This might be called “love” in the religious sense. Since the I is the Thou. They are an I and a Thou that.The Buddha Eye nondiscrimination is separated from reality. this absolute nondifferentiation belongs to the I itself. and the Thou is the I. Only in this case the I and the Thou are not simply I and Thou. the problem here is surely one that actually involves the reality of I and Thou.” absolute harmony reigns. I stress “in a religious sense. I am with you in no way discriminated from you. It is nonrelation as absolute opposition. both are absolutely nondifferentiated. and the Thou a true Thou.” This brings out the necessity for an absolute opposition as well. Looked at from the other side. and actu ally includes the reality of the encounter between man and man and the absolute opposition that belongs to it. I can be I. and it is the same for the Thou. At the ground of such an encounter there lies unbounded horror. then. This is the genuine I-Thou relation. and every form of relation and relativity is superseded. and Thou can be Thou as absolute individuals because each of them is grounded on the abso lute identity in which I am Thou and Thou are I. Sansh¿’s calling himself by Ky¿zan’s name means. are absolutely different from each other. equally undiscrimi nated from me. In fact. In this way the I is a true I. We might formulate this paradox after the manner of the Diamond Sutra as follows: “The I-Thou relation is an I-Thou relation because it is not an I-Thou relation. the reality of the I-Thou encounter in everyday life is one in which just such an absolute relativity and just such an absolute opposition exist. and yet it is not a nonrelation as a mere nondifferentiation. the absoluteness in absolute rela tivity is due to the fact that the absolute nondiscrimination belongs to both the I and the Thou. Here.” because it is a case of “void” or “muga” (non-self) that has absolute ly severed self-and-other from self-and-other in their relative sense. and where the existence of each one is “other-centered. and you are with me. 48 . and as a rel ative on the plane where all relations have been utterly transcended. The I and the Thou that contend with one another for the ground of absolute nondifferentiation— each asserting that it belongs to itself (which it essentially does)— are thus really absolutely related to one another and therefore relative. as genuine subjects. that he is emptying himself and putting Ky¿zan in his place. For the I. Where the other is at the center of the individual. Here there is no relationship at all between I and Thou.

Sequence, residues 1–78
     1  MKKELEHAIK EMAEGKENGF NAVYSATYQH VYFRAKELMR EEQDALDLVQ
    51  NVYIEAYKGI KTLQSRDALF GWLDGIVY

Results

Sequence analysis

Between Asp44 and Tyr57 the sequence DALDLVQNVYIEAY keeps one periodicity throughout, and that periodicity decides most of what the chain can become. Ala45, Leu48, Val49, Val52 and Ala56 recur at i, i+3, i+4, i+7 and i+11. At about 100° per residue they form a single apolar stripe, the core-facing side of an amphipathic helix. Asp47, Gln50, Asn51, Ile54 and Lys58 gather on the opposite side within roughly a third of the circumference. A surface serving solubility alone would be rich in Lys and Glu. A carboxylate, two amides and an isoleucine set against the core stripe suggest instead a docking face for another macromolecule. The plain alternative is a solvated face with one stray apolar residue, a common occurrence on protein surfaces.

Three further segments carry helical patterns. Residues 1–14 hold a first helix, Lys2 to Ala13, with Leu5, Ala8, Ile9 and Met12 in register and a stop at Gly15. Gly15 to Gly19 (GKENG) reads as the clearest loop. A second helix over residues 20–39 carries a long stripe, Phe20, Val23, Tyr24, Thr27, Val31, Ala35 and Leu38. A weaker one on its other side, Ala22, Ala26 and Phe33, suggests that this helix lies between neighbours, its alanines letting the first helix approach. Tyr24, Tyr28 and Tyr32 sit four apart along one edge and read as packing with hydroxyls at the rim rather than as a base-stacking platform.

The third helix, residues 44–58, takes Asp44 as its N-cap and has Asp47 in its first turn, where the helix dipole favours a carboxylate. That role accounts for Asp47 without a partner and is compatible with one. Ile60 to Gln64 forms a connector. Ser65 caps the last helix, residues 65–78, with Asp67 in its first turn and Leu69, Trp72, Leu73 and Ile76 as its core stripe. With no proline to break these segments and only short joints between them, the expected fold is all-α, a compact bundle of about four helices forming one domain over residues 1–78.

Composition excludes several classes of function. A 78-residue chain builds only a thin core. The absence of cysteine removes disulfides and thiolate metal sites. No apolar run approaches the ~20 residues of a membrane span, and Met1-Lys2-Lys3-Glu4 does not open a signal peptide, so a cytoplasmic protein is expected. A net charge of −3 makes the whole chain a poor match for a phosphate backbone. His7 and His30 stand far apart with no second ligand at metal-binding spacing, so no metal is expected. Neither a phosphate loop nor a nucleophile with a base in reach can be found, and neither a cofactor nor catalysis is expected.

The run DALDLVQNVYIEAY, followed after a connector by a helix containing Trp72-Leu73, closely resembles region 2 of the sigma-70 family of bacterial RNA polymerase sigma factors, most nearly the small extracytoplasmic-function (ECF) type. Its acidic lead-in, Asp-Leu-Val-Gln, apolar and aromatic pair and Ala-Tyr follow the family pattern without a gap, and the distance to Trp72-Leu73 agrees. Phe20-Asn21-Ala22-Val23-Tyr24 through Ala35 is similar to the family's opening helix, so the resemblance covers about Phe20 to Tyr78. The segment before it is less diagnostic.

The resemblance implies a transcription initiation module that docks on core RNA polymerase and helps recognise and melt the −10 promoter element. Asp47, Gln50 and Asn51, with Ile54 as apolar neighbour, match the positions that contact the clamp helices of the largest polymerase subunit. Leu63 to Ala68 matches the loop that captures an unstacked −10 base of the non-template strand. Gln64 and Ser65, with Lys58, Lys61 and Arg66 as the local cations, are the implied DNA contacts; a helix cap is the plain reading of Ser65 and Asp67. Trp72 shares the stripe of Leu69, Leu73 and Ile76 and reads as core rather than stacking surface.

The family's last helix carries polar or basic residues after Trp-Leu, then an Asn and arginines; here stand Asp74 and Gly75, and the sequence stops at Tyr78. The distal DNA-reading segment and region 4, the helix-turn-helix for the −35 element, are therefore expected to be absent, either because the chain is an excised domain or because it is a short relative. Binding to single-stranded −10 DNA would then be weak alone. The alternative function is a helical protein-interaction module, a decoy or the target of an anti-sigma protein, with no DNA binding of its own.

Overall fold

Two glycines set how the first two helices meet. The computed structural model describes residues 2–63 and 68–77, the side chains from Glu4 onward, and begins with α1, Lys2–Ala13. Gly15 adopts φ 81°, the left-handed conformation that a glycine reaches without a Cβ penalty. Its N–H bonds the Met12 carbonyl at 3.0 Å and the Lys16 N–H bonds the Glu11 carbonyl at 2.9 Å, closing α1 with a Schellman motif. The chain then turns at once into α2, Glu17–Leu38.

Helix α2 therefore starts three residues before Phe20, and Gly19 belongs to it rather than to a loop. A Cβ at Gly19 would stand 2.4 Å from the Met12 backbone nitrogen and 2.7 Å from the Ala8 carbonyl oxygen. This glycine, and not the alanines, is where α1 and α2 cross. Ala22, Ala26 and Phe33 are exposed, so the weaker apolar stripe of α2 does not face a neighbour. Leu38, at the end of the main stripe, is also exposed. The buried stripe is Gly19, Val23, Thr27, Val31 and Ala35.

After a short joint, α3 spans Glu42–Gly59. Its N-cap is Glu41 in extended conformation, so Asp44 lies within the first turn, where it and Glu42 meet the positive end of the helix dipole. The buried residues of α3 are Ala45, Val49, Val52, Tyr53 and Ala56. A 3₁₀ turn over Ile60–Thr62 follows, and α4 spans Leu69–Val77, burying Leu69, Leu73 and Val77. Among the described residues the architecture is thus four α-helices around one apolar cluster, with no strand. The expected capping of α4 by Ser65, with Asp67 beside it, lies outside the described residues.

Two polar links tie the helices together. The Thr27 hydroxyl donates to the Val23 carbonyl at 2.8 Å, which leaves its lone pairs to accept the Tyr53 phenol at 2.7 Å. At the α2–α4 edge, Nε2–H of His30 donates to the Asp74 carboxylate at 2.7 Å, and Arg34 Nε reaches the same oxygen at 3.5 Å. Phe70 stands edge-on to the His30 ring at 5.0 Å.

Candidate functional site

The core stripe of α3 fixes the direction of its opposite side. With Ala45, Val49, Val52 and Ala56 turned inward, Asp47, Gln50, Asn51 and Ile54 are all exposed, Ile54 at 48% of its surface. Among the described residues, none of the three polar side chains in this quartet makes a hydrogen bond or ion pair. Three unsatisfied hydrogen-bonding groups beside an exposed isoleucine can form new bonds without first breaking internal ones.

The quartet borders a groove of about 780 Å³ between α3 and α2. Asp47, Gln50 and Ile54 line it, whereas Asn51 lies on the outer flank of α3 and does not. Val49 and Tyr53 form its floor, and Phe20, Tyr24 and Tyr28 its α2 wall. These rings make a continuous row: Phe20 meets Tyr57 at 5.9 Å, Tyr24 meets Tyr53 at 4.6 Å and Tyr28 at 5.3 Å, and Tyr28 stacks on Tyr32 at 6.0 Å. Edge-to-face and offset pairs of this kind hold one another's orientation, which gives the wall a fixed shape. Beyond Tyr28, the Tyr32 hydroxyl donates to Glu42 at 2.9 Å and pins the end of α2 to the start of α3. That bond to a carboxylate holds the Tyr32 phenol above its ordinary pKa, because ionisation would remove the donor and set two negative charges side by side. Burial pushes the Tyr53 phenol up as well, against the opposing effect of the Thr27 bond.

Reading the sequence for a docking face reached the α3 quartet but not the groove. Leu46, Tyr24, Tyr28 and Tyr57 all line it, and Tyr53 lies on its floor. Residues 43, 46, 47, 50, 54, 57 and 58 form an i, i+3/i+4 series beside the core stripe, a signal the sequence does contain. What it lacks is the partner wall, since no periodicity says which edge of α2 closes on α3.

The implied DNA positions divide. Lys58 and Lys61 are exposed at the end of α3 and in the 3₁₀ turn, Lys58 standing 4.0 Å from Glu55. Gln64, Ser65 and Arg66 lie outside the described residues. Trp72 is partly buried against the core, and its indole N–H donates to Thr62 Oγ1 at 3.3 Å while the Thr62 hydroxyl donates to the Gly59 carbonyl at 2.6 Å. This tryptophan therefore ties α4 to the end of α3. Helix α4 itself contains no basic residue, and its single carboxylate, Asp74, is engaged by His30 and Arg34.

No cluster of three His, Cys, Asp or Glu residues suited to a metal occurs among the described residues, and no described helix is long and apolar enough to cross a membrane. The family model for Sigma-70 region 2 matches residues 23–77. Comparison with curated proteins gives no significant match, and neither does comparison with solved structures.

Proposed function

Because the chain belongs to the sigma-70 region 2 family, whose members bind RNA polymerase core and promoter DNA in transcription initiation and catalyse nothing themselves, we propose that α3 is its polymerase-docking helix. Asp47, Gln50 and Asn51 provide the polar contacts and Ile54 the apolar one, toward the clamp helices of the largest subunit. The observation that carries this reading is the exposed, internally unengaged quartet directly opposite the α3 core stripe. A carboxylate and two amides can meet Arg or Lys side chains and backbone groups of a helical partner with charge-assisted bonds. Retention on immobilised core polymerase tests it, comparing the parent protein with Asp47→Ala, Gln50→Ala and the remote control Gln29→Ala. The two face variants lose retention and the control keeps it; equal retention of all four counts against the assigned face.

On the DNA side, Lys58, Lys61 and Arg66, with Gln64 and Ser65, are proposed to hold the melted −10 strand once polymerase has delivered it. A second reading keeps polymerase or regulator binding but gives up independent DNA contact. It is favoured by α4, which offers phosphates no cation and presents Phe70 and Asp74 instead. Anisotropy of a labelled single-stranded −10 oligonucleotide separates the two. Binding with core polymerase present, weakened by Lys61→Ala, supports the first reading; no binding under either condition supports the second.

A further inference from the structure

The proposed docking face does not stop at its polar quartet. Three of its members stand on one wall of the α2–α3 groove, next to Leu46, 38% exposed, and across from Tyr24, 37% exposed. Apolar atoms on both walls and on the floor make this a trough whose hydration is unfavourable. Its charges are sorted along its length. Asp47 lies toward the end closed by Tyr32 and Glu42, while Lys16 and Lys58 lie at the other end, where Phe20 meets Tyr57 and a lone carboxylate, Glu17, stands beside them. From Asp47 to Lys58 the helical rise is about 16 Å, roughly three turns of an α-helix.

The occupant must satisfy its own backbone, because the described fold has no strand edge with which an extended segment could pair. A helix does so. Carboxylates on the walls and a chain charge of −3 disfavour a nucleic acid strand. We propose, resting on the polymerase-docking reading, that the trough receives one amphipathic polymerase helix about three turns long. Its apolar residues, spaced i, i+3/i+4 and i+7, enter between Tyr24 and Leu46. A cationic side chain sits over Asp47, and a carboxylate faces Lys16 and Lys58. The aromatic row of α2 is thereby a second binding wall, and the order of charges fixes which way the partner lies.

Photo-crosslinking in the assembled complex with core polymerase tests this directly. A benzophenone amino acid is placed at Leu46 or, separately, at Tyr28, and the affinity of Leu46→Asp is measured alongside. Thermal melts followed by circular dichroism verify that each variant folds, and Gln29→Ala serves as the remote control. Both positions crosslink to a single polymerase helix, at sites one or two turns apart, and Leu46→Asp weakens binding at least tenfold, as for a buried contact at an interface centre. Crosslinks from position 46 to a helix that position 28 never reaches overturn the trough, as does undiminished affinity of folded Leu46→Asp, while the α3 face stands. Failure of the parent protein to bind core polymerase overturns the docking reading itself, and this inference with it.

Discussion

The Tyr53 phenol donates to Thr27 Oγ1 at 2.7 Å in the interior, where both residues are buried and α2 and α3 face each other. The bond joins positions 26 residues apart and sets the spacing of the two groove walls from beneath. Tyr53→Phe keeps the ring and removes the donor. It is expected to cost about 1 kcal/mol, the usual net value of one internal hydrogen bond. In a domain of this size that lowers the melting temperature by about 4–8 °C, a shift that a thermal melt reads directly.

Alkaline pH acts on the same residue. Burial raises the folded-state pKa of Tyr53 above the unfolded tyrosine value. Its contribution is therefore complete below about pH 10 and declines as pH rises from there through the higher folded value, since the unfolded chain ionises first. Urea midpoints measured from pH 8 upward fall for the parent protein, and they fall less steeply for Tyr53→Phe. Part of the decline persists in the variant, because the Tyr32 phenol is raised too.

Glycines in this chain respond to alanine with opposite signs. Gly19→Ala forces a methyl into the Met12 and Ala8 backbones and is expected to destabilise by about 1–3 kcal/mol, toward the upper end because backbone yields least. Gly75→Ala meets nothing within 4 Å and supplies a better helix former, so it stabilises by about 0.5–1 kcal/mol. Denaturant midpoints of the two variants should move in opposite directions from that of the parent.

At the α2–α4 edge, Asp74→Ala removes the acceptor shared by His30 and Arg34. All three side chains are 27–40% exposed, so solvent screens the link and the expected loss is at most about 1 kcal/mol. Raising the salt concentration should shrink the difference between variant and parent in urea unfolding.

Unless the relations between individual and individual. It is the point where self and other are not two dif ferent things. their drumming and dancing—it is as if the spring blossoms had their reds and purples competing against one another in the new warmth. Self and other are not one. 49 .” and says that “this is no place for lame horses and blind asses. absolute opposition is at the same time absolute harmony. absolute opposition is. Situated with in this absolute nondifferentiation which opens up in the I. when Sansh¿ said he was Ejaku. to find a place where we can main tain our original position in spite of ourselves. The only way this can be done is to break through to the ground of the encounter. and absolute harmony is not simply nondifferentiation. Although each of us needs. Hakuin compares this encounter to the fight between a dragon and an elephant “stepping on and kicking each other. Here. a sport. each has returned to his home ground. where each is itself.” This happening is indeed harmony and concord alluded to ear lier—a harmony possessed of infinite beauty. Enen. as it is. Even if we refer to the harmony of this absolute nonrelation as love. until the little self of each one dissolves. and thus permits itself to become absolutely the Thou. with advanced age grown more and more cunning. the I is the I itself—I am I. “Their singing together and handclapping. In any case. “Ejaku. Ky¿zan answered.The I-Thou Relation in Zen Buddhism Thus.” Here each self returns to its original position.” But then he adds. that’s my name!” whereupon Sansh¿ gave his own name. and that in this rel ativity the two are never for a moment separated. has various tricks of transformation up his sleeve.” And Engo notes: “They are both back to holding their orig inal positions. at the same time it takes the Thou to itself. where strife is transformed into sport. After several changes of form. it is still different from love in the sense of eros. It is there that the condition of eat or be eaten is penetrated to the con dition of at once eating and being eaten. Commenting on this answer Hakuin says: “He has changed himself from head to foot. The old fox. Both are the same. While the I to be the I acknowledges the Thou in relation to the Thou’s own absolute non-differentiation. in the midst of everyday encounters. and not two. we do not in fact explore and realize such a place thoroughly. There it is like flowers competing with their reds and purples in the spring warmth. To be not one and not two means that each self retains its absoluteness while still being relative. or in the sense of agape.